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Gary's story



Confidence & Motivation

Routes to Change Indicators

Successful, happy, talented and living independently, Gary Swan was everything he could have hoped for himself.

However, in 2021, one incident turned his life upside down.


Gary, from Stepps, suffered a brain injury brought on by encephalitis - a rare but serious condition.


For accomplished tap dancer Gary, it was like life as he knew it didn’t exist anymore.


No longer could he run his business, nor live on his own. Gary had to move in with his mum and, slowly, start again.

Gary recalled: “Unfortunately, I fell ill with encephalitis, which is a brain injury.


“I was unable to work at the time, but my brain team suggested Routes To Work as a support method to get back into work.


“I know a lot of other patients just can’t work, they don’t have the confidence to put themselves out there for the fear of not knowing what’s going to happen next.


“I don’t know if I’d have been able to go back to work without them.”

Thankfully, he could count on his mum, Linda, for support and when he was referred to Routes To Work by the NHS brain injury team, things started to turn around.


It wasn’t without its challenges, though, as Gary struggled to overcome the barriers brought on by his brain injury, at first.


His anxiety was heightened, frustration abounded at his new-found short-term memory problems and even simple things like travel became huge struggles.


However, his confidence and self-esteem grew, and Gary began to yearn for gainful employment.


With the benefit he was on, Gary didn’t need to look for work, but with the support of his mum and caseworker Janice Shilliday, they started to search for the hospitality opportunity he desired.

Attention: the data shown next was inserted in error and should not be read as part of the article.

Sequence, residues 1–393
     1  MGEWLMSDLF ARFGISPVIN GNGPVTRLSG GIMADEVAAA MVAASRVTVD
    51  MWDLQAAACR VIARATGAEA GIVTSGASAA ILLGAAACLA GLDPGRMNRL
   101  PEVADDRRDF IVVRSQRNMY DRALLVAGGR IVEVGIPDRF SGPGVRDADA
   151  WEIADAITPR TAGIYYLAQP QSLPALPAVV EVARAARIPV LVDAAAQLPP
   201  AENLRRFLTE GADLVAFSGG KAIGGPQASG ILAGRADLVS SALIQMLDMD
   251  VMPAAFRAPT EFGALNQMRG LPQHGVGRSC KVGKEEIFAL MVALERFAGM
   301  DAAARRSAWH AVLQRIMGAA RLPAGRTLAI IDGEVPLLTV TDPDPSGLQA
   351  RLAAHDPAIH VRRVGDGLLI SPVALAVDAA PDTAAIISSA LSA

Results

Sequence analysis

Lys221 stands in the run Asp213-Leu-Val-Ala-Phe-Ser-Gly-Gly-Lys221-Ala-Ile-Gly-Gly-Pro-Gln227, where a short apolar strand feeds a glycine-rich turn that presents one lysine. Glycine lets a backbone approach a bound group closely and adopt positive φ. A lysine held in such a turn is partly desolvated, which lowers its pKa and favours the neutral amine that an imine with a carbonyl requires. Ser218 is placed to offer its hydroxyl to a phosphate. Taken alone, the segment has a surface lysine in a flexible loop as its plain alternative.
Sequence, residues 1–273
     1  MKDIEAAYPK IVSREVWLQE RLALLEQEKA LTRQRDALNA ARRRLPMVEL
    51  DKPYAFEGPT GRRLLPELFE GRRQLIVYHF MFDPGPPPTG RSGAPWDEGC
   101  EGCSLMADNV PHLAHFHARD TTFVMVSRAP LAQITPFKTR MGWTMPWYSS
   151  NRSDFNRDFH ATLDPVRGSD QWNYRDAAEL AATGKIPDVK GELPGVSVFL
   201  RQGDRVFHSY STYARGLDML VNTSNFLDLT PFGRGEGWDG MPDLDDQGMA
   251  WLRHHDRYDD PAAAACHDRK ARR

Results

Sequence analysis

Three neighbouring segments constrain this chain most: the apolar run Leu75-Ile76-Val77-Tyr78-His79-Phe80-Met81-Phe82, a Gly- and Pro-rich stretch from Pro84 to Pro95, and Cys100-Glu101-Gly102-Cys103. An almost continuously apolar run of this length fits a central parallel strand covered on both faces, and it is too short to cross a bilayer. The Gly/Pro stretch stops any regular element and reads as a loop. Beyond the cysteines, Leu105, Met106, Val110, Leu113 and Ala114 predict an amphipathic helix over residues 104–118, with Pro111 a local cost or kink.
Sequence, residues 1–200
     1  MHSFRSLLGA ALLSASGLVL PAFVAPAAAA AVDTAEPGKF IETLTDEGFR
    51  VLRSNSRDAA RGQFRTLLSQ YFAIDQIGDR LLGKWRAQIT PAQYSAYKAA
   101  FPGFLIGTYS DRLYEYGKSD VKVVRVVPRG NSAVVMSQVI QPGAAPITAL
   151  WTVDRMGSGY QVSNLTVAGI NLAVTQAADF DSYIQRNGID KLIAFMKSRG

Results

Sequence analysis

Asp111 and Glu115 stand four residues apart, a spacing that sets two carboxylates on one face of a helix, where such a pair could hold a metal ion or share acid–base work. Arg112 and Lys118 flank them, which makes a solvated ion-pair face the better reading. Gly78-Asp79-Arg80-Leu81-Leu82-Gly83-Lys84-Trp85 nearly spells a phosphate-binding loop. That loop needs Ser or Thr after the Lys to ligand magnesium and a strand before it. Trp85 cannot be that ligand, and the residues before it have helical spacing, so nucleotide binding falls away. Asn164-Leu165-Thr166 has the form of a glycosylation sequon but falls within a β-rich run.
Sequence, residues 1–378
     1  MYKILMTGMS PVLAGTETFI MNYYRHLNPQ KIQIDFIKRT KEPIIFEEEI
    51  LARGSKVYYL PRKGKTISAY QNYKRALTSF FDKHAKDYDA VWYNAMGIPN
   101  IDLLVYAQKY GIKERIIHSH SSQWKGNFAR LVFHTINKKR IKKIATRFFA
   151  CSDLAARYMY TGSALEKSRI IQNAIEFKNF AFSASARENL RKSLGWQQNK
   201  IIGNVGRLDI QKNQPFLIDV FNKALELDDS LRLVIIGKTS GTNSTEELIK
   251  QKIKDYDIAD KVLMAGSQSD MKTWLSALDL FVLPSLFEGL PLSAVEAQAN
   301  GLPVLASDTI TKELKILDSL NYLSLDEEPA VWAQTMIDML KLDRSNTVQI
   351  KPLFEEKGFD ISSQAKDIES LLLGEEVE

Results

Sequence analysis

Through an old friend, Gary was invited to be a waiter at the Hard Rock Cafe.


While he had an initial high at getting the job, he soon realised it would be too much, too soon.


The practicalities of remembering orders and working quickly to serve customers were too big an obstacle to overcome.

“I’d been working in hospitality all my life,” he said.


“When I first started, I went as a server, but part of my illness is short-term memory loss so trying to recall orders, remembering what people asked you for, is very difficult.”


With a supportive friend on his side, however, Gary was moved into a host role he is now thriving in - welcoming and seating customers in his own unique style.


He added: “The team is fantastic and my line manager is so supportive and helpful as well.


“There’s been lots of dance-offs with young guests in the restaurant, yes!”


Happy and settled in the job, Gary sought more support for his mental health, as he came to terms with his injury and the life ahead of him.


After obtaining access to counselling, Gary burst into tears after his first session, realising the impact it could have moving forward.


While things are very different now, Gary is back on track, happy, successful, still using his talents and making steps towards rediscovering his independence.


He said: “You’ve always got to laugh, because you need to remember where I was and where I am now.


“It’s a big, big leap in the right direction.


“It’s day by day, but every day is a part of the Gary Swan journal.”

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